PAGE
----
Hi Stephanie! I’m excited that you’re considering home birth!

Before I answer you, I have to say that while I’m sharing this information, I absolutely do not judge anyone who births in the hospital, no matter why they choose it.

If you missed my post about my journey to homebirth, please do read it. My path to home birth was a long one, and it really wasn’t a single thing that pushed me to it. I spent literally years reading and researching. I read books, medical studies, you name it. This may sound corny, but no one can really convince you. It’s hard to explain but as your views on birth change, it changes you. It’s really a process. Or, it was for me anyway. So, you have to take that journey for yourself!!

Luckily, you have plenty of time, and I suggest you begin by reading about birth as a normal physiological process. I suppose I’m really not a good homebirth advocate (or advocate for anything else for that matter) because while I feel it is the right choice for me, I don’t push my views on anyone, and I tend to not mention it unless asked. While I really do feel that normal, uncomplicated childbirth doesn’t belong in the hospital, I respect the choice to have a hospital birth.

So first off, I’d suggest that you read a few books like Born in the USA: How a Broken Maternity System Must Be Fixed to Put Women and Children First, Ina May’s Guide to Childbirth and just about any other books on my list that you can get from your local library. If you haven’t already, watch The Business of Being Born with your husband. As you start to learn about the history of childbirth in America and how birth operates when it is unhindered, I think your mind will start to open.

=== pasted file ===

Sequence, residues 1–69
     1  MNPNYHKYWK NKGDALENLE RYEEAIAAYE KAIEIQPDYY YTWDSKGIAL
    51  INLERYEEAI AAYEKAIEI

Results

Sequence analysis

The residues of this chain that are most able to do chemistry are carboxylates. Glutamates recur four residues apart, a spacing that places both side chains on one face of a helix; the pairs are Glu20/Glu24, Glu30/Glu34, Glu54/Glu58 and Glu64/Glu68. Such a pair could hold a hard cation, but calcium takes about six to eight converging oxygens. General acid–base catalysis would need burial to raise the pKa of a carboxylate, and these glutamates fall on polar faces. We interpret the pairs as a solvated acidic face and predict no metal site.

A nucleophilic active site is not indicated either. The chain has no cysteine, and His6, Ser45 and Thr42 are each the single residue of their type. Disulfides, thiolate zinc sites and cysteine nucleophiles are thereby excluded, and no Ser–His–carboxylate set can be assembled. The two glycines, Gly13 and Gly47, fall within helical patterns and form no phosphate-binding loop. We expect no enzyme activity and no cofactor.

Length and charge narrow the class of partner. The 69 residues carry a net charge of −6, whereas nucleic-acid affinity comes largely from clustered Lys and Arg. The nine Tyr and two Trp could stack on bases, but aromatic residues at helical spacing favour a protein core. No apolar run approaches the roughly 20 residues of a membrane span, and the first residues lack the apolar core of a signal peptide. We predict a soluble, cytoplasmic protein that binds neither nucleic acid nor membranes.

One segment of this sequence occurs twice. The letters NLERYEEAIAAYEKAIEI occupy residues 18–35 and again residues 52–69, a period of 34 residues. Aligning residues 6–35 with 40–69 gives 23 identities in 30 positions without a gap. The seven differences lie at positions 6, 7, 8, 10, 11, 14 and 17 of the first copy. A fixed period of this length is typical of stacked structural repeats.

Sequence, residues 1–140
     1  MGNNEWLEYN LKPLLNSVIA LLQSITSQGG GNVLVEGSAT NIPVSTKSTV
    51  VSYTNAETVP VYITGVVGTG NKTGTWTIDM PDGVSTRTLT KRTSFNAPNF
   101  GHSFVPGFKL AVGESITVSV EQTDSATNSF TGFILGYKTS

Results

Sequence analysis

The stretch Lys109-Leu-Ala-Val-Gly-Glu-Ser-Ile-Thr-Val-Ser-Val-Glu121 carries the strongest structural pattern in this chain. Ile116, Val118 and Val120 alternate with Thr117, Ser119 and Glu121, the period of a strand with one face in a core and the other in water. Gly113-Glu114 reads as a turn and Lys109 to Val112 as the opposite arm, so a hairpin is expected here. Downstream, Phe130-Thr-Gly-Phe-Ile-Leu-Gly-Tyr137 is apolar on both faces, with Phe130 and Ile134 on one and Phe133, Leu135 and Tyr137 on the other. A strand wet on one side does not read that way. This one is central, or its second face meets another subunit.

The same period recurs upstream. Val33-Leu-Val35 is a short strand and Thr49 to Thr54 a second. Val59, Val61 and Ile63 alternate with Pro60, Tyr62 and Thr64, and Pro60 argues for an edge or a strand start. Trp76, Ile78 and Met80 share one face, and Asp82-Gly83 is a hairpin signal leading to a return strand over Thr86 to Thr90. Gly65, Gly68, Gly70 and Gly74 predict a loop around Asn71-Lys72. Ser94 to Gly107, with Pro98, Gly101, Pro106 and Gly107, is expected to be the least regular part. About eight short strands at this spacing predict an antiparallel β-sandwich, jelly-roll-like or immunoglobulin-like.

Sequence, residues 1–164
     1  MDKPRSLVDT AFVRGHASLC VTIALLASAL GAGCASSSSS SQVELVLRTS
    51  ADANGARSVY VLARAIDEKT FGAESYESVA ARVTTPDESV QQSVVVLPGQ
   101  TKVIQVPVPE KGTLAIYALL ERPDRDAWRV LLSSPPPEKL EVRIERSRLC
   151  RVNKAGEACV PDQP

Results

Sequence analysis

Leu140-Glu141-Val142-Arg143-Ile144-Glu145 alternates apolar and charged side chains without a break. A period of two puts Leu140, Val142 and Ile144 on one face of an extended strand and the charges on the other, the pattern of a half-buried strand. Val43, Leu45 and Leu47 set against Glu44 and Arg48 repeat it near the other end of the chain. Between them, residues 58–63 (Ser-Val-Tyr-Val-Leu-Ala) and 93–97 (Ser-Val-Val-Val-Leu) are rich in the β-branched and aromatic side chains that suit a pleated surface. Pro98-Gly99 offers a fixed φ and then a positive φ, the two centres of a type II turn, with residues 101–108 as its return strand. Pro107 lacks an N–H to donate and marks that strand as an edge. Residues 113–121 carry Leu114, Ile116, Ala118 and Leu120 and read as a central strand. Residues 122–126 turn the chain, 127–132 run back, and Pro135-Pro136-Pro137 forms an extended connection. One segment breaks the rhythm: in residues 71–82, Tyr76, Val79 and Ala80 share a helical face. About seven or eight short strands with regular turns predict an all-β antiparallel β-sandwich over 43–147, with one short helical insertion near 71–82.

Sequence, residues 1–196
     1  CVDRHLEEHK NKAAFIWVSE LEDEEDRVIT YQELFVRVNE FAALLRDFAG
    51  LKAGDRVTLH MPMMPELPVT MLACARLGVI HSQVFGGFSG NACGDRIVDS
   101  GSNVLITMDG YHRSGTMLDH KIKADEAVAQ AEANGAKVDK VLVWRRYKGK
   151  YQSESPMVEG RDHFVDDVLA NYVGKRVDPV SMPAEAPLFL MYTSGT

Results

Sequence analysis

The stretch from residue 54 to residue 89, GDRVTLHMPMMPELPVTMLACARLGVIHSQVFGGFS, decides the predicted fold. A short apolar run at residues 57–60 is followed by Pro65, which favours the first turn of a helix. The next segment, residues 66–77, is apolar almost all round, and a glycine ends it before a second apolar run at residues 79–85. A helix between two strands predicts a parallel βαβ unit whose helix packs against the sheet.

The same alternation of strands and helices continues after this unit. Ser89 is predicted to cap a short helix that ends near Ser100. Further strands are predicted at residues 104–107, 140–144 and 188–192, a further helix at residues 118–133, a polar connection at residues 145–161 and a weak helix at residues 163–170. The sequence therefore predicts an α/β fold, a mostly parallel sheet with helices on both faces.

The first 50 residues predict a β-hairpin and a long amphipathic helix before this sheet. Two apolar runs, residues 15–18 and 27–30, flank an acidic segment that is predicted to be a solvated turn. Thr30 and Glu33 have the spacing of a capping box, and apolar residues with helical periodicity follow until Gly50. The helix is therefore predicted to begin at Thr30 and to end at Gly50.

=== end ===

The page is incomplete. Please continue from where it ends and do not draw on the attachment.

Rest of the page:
I’d suggest that you and your husband both write down what intrigues you about home birth, and what scares you. If you continue to read and do research, you might find that the things that once scared you, no longer do. A lot of the things that are thrown out about why birth belongs in a hospital really aren’t true when you read the (scientific/unbiased) studies. Many of the issues and complications with birth are caused by a doctor’s inability to wait for labor to progress, their desire to interfere and “fix,” and the fact that many really have no idea what a normal birth looks like. After reading several of the books I read, you may start seeing that some of the things that you think of as being childbirth dangers are in fact iatrogenic (doctor caused) and rarely present in an unhindered birth.

If possible, join a birth circle, or home birth group. Read home birth stories and watch as many home birth videos as you can find.

Find out what the laws are in your state, what your insurance will cover, and start interviewing midwives. Some states license only Certified Nurse Midwives, some have “rules” on when they are no longer allowed to attend a home birth (after 41 weeks etc.) Educate yourself on possible complications, and the steps to take in each situation. Take charge of your body and your birth. Figure out how far you are from the hospital, and how long it would take you to get into an operating room. (I’m talking in case of a true emergency such as cord prolapse when birth is not imminent, which is actually quite rare when membranes are not artificially ruptured.) Often times, you would be able to get to the hospital with an OR waiting for you, in the same amount of time it would take to have one ready if you were already there. Find out where your nearest responding EMS is, and how long it would take them to get to you.